Editor's Note: Kerry Egan is a hospice chaplain in Massachusetts and the author of "Fumbling: A Pilgrimage Tale of Love, Grief, and Spiritual Renewal on the Camino de Santiago."
By Kerry Egan, Special to CNN
As a divinity school student, I had just started working as a student chaplain at a cancer hospital when my professor asked me about my work. I was 26 years old and still learning what a chaplain did.
"I talk to the patients," I told him.
"You talk to patients? And tell me, what do people who are sick and dying talk to the student chaplain about?" he asked.
I had never considered the question before. “Well,” I responded slowly, “Mostly we talk about their families.”
“Do you talk about God?
“Umm, not usually.”
“Or their religion?”
“Not so much.”
“The meaning of their lives?”
“And prayer? Do you lead them in prayer? Or ritual?”
“Well,” I hesitated. “Sometimes. But not usually, not really.”
I felt derision creeping into the professor's voice. “So you just visit people and talk about their families?”
“Well, they talk. I mostly listen.”
“Huh.” He leaned back in his chair.
A week later, in the middle of a lecture in this professor's packed class, he started to tell a story about a student he once met who was a chaplain intern at a hospital.
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“And I asked her, 'What exactly do you do as a chaplain?' And she replied, 'Well, I talk to people about their families.'” He paused for effect. “And that was this student's understanding of faith! That was as deep as this person's spiritual life went! Talking about other people's families!”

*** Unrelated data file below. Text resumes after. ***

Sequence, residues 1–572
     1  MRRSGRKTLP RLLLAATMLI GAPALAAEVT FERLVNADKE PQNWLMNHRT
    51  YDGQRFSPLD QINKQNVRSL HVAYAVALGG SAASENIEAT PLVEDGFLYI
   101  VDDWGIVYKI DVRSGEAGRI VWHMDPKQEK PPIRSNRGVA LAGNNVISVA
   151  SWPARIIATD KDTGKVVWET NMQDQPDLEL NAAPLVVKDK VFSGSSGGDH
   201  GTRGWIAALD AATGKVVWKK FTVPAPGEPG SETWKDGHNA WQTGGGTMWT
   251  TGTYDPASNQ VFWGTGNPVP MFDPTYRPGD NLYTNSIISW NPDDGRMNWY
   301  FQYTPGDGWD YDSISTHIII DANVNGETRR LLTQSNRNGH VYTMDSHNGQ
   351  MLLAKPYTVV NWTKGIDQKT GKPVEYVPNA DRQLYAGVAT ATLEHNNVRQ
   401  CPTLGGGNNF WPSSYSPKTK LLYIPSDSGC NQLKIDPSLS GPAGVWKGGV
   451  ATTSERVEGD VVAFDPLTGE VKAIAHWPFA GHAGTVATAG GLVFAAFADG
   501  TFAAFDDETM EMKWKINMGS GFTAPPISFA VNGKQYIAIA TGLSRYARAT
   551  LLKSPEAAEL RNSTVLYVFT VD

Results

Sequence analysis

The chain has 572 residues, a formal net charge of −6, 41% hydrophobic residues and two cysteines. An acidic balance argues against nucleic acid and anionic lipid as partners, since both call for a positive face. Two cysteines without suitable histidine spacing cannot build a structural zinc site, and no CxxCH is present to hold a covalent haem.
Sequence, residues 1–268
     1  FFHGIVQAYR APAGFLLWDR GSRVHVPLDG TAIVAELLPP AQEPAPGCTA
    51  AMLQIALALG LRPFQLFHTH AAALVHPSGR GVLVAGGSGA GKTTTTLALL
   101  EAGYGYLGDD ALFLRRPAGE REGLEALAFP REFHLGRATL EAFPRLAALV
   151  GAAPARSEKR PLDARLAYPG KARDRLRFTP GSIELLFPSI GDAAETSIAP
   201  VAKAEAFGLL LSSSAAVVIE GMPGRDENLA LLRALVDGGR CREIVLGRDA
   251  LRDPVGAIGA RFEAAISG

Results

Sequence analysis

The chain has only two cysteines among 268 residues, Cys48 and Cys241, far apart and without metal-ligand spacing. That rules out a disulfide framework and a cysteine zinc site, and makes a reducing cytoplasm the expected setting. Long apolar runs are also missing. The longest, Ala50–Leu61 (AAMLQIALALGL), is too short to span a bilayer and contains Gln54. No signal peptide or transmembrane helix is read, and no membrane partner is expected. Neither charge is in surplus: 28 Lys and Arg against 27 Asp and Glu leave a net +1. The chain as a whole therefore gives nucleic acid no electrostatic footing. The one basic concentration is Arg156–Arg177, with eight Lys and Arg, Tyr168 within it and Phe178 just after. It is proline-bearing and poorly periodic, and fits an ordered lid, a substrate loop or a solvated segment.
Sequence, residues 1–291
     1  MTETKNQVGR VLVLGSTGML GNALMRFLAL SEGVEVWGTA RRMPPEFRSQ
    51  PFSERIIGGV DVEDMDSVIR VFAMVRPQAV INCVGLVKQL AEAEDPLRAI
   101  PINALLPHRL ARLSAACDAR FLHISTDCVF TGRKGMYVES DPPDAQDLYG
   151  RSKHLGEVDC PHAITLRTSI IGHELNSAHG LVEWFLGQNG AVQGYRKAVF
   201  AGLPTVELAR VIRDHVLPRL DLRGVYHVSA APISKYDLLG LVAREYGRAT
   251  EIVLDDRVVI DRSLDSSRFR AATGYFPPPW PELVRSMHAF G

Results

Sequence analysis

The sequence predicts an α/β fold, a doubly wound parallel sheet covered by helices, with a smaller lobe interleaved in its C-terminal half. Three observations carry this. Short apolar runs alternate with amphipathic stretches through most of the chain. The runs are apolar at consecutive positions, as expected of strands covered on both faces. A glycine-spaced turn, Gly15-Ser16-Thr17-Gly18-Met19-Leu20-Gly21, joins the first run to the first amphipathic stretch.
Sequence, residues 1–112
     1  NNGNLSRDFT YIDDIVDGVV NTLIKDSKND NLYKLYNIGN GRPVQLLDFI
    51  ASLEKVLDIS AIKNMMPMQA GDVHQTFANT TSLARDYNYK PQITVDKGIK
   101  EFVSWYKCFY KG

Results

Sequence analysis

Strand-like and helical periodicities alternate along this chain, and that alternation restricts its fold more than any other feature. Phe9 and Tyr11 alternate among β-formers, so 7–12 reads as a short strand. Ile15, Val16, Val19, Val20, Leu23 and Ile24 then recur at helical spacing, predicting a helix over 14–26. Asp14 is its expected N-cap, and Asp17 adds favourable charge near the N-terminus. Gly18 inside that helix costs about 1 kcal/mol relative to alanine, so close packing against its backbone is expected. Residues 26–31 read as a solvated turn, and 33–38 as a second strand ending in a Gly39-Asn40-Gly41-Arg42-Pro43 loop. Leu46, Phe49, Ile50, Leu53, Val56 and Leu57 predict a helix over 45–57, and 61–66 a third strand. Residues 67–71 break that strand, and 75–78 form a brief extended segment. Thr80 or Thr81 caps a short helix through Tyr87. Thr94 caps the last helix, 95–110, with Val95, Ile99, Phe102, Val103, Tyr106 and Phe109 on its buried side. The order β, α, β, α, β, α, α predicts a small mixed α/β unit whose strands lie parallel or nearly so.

The students laughed at the shallowness of the silly student. The professor was on a roll.
“And I thought to myself,” he continued, “that if I was ever sick in the hospital, if I was ever dying, that the last person I would ever want to see is some Harvard Divinity School student chaplain wanting to talk to me about my family.”
My body went numb with shame. At the time I thought that maybe, if I was a better chaplain, I would know how to talk to people about big spiritual questions. Maybe if dying people met with a good, experienced chaplain they would talk about God, I thought.
Today, 13 years later, I am a hospice chaplain. I visit people who are dying – in their homes, in hospitals, in nursing homes. And if you were to ask me the same question - What do people who are sick and dying talk about with the chaplain? - I, without hesitation or uncertainty, would give you the same answer. Mostly, they talk about their families: about their mothers and fathers, their sons and daughters.
They talk about the love they felt, and the love they gave. Often they talk about love they did not receive, or the love they did not know how to offer, the love they withheld, or maybe never felt for the ones they should have loved unconditionally.